Skip to main content

Environment & ethics   |   Eating & drinking

Ben’s News: How much meat?

There is only one general Riverford meat topic right now – how much meat should we be eating? It’s a tough question for a butcher and one that, not surprisingly, most aren’t prepared to face up to.

Easter’s come and gone and I’d be interested to know whether anyone has scaled back on the meat element of their festive fare in response to the How Much Meat? campaign. With Professor Tim Lang suggesting a daily allowance of 70g, that doesn’t give a lot of leeway for celebratory meals. So what’s the answer? You’re certainly not going to fi nd it in the papers or cookbooks. A quick dip into The Guardian and Observer last weekend gives full bags of tricks for using pork mince, cooking chorizo, slow cooking pork ribs and breast of lamb. The plus side is that there was no beef on the menu and the suggested cuts and sausages are made from lesser used cuts but, on the down side, work your way through that lot and you’ll be well on your way through your monthly rations.

Being naturally contrary, the debate sometimes brings out the reactionary in me; I was on the verge of going online and booking tickets for Grillstock. “Music festivals are good and all, but have you ever been listening to a band and thought, ‘wow… I wish I was eating a big pile of meat.’ That’s where Grillstock comes in, a magical place where hotdog eating contests……..” says the website, and there lies the problem.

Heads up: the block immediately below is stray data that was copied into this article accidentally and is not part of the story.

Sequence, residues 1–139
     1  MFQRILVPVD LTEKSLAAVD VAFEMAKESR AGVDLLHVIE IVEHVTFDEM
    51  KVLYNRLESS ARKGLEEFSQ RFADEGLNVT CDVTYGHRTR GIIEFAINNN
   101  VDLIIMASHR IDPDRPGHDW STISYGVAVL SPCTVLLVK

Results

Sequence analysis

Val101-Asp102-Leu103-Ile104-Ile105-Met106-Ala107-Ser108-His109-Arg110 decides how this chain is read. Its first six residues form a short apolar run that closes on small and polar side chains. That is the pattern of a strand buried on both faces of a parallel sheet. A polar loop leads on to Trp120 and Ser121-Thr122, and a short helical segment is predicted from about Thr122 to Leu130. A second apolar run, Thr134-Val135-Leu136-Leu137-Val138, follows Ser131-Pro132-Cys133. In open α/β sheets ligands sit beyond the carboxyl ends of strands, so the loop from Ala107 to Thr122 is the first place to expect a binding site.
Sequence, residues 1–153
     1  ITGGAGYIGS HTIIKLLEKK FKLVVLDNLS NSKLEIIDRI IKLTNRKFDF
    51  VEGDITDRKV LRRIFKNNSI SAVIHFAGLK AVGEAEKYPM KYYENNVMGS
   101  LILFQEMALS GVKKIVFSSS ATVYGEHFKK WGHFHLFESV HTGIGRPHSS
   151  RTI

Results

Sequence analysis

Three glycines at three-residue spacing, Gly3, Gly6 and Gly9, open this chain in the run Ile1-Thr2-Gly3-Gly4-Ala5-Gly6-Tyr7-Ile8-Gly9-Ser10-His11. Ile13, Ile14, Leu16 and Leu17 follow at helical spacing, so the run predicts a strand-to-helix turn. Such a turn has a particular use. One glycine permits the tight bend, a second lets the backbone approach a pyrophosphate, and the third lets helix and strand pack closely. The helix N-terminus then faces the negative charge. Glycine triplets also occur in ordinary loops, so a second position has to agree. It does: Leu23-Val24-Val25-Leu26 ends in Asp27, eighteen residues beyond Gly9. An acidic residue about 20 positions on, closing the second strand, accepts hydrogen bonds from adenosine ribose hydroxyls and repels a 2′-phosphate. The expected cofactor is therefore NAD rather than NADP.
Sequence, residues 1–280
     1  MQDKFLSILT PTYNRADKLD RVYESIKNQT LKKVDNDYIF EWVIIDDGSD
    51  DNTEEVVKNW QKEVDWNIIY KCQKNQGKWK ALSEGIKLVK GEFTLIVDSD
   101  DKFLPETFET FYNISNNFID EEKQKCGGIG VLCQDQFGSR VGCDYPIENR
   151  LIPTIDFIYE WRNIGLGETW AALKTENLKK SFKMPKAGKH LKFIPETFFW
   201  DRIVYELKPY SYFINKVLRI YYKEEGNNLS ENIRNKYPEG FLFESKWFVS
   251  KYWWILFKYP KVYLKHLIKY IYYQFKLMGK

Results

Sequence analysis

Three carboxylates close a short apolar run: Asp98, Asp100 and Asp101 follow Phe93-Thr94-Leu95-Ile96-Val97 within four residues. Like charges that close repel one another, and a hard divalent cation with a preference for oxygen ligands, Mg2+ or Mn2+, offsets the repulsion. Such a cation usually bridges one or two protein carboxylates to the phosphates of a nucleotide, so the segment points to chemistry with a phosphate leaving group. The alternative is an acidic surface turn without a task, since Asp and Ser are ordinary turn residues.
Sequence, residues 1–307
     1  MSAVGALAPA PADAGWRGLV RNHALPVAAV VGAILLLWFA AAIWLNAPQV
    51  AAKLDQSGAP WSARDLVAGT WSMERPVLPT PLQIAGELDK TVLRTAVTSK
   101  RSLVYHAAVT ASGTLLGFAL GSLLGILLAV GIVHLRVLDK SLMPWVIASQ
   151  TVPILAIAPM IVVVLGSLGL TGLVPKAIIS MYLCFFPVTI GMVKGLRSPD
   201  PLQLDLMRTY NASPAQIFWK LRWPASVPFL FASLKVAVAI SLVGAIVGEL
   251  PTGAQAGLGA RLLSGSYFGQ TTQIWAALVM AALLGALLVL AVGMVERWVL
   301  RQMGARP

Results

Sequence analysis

The mammon that is the culture of meat is so deeply embedded, even in the quasi alternative of music festivals, that changing it is going to be like moving mountains. Karl Marx would probably have had a thing or two to say about it. He probably did.

So what’s the answer? Thinking back to the early days of the climate change debate, I don’t remember it being like this. There were a few ‘holier than thou’ types on bicycles but, for the most part, we were all wrong together and now, for the most part, we’re all learning together. The meat question is just one issue. In the present context the methane figures are alarming but I stand by what I’ve said that around 25% of total GHG emissions isn’t a bad price for feeding the world. That’s it from me, but the debate continues on our website:


    Ben Watson

    Ben Watson is a wine connoisseur and owner of the much-loved Ben's Farm Shop. 

    Wicked Leeks is out now

    Cover star, Jyoti Fernandes, tells of the small producers standing up for their rights, while elsewhere we explore climate-friendly eating and how to eat seasonal in spring.

    Read more

    Live Life on the Veg

    Riverford's recipe hub, with recipes, veg help and foodie inspiration.

    Go to Riverford

    How to cook with a veg box

    From meal planning to unusual veg: food writer Stacey Smith talks through how to cook with a veg box.

    Read more
    Spread the word

    The twin crises of climate change and biodiversity losses will be the defining stories of our future, but it is not too late to change direction. 

    Here at Wicked Leeks, our mission is to help inform and inspire positive change. Our journalism is free to all because of this, but we want to reach as many people as possible who share our desire for a better world. We know our readers are some of the biggest advocates of sustainable living, and you can help us grow this movement by sharing this article widely, with your friends and on social media. Now is the time to act.